As We Wait for a Vaccine, Scientists Work to Scale Up the Best COVID-19 Antibodies to Give New Patients

In this illustration of immune defense, Y-shaped proteins called antibodies attack a virus.

(© Siarhei/Adobe)


When we get sick, our immune system sends its soldier cells to the battlefield. Called B-cells, they "examine" the foreign particles that shouldn't be in our bloodstream—and start producing the antibodies, the proteins to neutralize the invaders.

To screen the antibodies, scientists have developed a proprietary way to make the effective ones glow – like a literal "lightbulb" moment.

The better these antibodies are at neutralizing the pathogen, the faster we recover.

The antibodies acquired from COVID-19 survivors already showed promise in treating other patients, but because they must be obtained from people, generating a regular supply is not feasible. To close the gap, researchers are trying to identify the B-cells that make the best antibodies—and then farm them in laboratories at scale.

Scientists at Berkley Lights, a biotechnology company in California, have been screening B-cells from recovered patients and testing the antibodies they release for virus-neutralizing abilities. To screen the antibodies, scientists there have developed a proprietary way to make the effective ones glow – like a literal "lightbulb" moment.

So how does it work? First, the individual B-cells are placed into microscopic chambers called nano-pens, where they secrete the antibodies. Once released, the antibodies are flushed over tiny beads that have bits of the viral particles attached to them, along with special molecules that can emit fluorescent light.

"When an antibody binds to the bead, we see a bright light on the bead," explains John Proctor, the company's senior vice president of antibody therapeutics. "So we can identify which cells are making the antibodies."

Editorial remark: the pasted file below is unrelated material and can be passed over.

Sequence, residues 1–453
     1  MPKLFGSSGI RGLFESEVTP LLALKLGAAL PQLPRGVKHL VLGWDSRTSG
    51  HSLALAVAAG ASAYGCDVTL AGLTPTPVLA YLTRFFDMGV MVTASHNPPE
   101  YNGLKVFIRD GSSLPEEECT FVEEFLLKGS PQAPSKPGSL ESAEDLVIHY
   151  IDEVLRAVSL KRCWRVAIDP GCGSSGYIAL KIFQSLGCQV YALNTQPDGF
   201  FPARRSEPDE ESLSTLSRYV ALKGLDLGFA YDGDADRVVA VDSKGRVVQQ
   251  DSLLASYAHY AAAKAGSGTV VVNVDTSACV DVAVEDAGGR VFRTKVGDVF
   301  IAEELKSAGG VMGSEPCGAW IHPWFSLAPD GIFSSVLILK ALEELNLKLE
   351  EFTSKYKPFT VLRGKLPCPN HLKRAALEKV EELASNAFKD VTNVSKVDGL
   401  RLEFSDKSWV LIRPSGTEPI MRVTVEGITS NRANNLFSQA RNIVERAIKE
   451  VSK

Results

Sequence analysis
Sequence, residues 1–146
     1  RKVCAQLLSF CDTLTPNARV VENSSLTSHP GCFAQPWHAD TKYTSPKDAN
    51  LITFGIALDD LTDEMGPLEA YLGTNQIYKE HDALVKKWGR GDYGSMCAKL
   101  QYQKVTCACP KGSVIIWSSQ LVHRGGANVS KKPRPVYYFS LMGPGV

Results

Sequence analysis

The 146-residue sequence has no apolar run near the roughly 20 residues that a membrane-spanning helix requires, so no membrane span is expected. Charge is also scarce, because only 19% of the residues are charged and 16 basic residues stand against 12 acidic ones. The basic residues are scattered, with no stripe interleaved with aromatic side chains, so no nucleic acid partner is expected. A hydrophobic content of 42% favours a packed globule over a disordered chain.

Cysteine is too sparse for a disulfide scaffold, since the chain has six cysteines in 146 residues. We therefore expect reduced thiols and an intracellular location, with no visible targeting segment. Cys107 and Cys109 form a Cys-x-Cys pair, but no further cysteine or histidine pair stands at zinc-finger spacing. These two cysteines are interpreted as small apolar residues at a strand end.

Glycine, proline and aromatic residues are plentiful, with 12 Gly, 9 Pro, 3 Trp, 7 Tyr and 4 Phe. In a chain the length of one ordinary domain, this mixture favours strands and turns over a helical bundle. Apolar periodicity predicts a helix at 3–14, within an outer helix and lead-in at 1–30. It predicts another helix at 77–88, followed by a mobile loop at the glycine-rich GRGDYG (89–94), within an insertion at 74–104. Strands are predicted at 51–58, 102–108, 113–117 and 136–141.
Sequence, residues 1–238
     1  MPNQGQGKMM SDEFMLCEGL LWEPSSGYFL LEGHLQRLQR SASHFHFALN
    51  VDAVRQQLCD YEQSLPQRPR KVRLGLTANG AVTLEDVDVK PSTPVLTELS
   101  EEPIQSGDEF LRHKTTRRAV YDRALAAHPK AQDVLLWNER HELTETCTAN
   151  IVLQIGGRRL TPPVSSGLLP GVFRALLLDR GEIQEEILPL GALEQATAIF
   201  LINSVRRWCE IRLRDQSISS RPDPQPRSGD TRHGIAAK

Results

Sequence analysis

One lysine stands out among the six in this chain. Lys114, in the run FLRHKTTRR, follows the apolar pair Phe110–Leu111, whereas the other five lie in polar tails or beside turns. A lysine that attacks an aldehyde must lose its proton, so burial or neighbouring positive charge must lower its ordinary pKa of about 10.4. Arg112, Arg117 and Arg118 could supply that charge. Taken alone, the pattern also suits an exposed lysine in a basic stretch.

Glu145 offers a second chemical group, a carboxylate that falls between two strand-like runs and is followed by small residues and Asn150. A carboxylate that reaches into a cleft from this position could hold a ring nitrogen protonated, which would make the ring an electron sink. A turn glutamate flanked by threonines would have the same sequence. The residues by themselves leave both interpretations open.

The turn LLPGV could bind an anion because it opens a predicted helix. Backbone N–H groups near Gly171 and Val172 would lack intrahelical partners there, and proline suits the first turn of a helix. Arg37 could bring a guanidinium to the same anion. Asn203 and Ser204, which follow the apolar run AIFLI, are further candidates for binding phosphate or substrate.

Then the antibodies are tested for their ability to counteract the coronavirus's spike proteins, which the virus uses to break into our cells. Not all antibodies are equally good at this crucial defense move—some can block only parts of the virus's machinery, while others can neutralize it completely. Proctor and his colleagues are looking for the latter.

Once scientists identify the best performing B-cells, they crack the cells open—or in scientific terms "lyse" them—and extract the genetic instructions for making the antibodies. As it turns out, B-cells aren't very efficient at pumping out massive amounts of antibodies, so scientists insert these genetic instructions into a different, more prolific type of cell.

Named Chinese Hamster Ovary Cells or CHO, these cells are commonly used in the pharmaceutical industry because they can generate therapeutic proteins en masse. Under the right nutrient conditions, which include a lot of sugar, CHO cells can keep making the antibodies at commercial levels. "They are engineered to operate in very large bioreactors," Proctor explains.

While traditional antibody screening can take three months, the Beacon System can do it in less than 24 hours.

Berkeley Lights' technology has already been used to screen the antibodies of recovered patients from Vanderbilt University Medical Center. In another example, a biotech company GenScript ProBio used the platform to screen mice engineered to have human antibodies for the coronavirus.

In addition to its small, lab-on-a-chip size, Berkeley Lights' system allows scientists to greatly speed up the screening process. While traditional antibody screening can take three months, the Beacon System can do it in less than 24 hours. "We only need one B-cell per pen and a couple of beads to see that fluorescent signal," Proctor says. "It is a more advanced way to process and analyze cells, and that level of sensitivity is unique to our technology."

B-cells secreting antibodies inside the Berkeley Lights Beacon System Nano-Pens.

(Image Credit: the Australian Institute for Bioengineering & Nanotechnology at The University of Queensland)

While vaccines are likely to take months to develop and test, antibodies might arrive to the battleground sooner. With the extremely limited treatment options for COVID-19, antibody-based therapeutics can potentially bridge this gap.

Lina Zeldovich